Silk Road

Students learned all about the Silk Road by participating in a simulation in which they role-played and interacted with one another.
To build their background knowledge, students first played a modified version of the Sharks and Minnows game. There were three Huns (sharks), and everyone else was either from the Han Dynasty or a European (minnows). Each Han person carried a cultural discovery with them such as places (i.e. Persia, Syria, India, and Rome), a fruit (i.e. grapes, figs, and pomegranates), a vegetable (i.e. alfalfa, chives, and cucumbers, and coriander), or something else (e.g. bigger horse, jewelry, pearls, ivory, and cotton. Each European carried a discovery, as well, such as roses, oranges, peaches, pears, azaleas, chrysanthemums, peonies, silk, jade, china, cast-iron, decorative boxes, and furs. The Han people and the Europeans' goal was to travel the Silk Road to exchange cultural ideas by running across the playground and avoiding being tagged by the Huns.

Students then participated in a debate to demonstrate their understanding in the value of a couple of goods that were traded. The Roman group had glassware but wants silk, so they needed to present an argument for the uses of glassware.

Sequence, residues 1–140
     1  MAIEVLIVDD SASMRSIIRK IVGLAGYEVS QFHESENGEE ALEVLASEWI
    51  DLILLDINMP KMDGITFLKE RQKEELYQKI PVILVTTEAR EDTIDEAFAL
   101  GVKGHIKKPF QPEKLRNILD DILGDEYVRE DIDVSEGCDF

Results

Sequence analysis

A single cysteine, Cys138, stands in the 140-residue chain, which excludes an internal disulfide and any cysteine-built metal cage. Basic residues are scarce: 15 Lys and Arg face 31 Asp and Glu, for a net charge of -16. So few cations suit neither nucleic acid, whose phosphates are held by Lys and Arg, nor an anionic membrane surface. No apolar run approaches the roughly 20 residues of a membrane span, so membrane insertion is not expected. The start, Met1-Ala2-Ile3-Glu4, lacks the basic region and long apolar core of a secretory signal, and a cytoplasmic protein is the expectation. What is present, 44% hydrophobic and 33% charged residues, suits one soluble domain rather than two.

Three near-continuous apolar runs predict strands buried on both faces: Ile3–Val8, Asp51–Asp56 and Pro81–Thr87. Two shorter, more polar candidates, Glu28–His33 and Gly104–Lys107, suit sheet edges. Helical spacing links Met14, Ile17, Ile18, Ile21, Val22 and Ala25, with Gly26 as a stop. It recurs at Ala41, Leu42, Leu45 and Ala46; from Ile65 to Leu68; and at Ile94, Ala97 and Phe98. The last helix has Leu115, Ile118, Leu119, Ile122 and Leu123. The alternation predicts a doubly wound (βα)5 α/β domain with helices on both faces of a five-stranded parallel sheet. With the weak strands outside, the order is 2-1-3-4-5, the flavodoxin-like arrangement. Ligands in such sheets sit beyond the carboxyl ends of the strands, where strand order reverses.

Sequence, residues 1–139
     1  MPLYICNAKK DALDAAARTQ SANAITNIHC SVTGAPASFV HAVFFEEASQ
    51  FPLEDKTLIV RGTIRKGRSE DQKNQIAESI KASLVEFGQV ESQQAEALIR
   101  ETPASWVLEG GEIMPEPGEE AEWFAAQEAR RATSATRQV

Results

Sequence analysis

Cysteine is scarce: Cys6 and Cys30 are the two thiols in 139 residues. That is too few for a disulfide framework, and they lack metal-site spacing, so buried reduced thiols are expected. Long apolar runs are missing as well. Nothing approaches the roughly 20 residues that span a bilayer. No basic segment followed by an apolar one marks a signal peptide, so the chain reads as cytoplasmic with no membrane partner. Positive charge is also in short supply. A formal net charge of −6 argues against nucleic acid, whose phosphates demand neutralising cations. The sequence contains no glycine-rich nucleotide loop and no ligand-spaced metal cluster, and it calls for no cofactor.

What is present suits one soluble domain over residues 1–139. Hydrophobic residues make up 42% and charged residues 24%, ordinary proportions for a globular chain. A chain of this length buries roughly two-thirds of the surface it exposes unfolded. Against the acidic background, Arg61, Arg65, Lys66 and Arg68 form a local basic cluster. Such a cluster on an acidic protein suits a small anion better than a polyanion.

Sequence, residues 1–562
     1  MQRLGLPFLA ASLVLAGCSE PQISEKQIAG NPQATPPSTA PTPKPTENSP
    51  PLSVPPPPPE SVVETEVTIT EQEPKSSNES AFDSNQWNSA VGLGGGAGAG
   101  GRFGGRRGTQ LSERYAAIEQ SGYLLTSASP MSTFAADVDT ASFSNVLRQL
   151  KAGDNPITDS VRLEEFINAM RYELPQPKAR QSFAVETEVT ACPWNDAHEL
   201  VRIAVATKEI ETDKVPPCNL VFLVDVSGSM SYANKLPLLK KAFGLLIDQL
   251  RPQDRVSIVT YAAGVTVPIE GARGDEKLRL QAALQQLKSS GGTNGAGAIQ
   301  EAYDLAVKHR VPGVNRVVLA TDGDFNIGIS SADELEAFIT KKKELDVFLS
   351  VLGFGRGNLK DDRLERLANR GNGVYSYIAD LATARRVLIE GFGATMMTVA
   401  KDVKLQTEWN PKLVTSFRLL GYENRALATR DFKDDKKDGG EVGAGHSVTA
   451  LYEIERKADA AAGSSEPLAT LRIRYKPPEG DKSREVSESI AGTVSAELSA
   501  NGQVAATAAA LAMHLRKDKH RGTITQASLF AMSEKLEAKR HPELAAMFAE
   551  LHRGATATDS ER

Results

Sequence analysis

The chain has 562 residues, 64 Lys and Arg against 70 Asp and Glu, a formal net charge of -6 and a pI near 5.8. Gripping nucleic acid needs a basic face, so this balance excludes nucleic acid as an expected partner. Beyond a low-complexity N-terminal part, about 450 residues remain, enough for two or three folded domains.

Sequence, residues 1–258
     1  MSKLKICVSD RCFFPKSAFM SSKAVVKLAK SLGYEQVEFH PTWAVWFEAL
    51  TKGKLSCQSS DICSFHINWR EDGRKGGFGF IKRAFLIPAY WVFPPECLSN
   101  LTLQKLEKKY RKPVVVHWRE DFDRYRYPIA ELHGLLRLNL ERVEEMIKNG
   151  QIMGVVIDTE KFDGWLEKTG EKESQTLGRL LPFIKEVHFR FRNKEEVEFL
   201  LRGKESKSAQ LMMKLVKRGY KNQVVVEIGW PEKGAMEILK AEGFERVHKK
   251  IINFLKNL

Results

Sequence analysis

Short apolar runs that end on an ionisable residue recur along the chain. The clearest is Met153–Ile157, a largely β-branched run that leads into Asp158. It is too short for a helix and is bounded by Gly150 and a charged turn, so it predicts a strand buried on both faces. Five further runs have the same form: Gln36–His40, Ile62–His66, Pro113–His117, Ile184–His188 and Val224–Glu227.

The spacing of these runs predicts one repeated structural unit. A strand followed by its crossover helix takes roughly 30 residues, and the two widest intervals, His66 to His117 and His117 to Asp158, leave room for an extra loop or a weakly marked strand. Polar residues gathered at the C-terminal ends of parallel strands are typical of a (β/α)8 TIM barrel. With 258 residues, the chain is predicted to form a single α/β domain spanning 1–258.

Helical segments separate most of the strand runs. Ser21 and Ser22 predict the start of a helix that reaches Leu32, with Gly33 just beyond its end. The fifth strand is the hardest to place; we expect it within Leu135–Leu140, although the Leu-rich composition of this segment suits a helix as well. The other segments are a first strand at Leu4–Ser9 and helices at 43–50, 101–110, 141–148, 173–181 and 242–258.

Students then participated in an obstacle course to experience the differences between the northern and southern routes. Five students were obstacles along the Silk Road. There were two sandstorms who could knock the travelers off their path, two bandits who could steal from the travelers, and one mirage who offered Hues to the travelers to get them off track. There were also two camels who could help carry the travelers' items and three Indian traders along the sides and the end shouting incentives and holding items they could get from India if they made it to the end (e.g. pearls, spices, cotton, ivory). The majority of the students were travelers whose goal was to safely reach the other end of the Silk Road with various objects weighing them down (e.g. big box, jewelry, cast iron weights, china dishware).

On the opposing side, the Chinese group had silk but wanted glassware, so they needed to persuade the Romans to trade their glassware for their precious silk. Each side got to hold either glassware or silk to help inspire their arguments.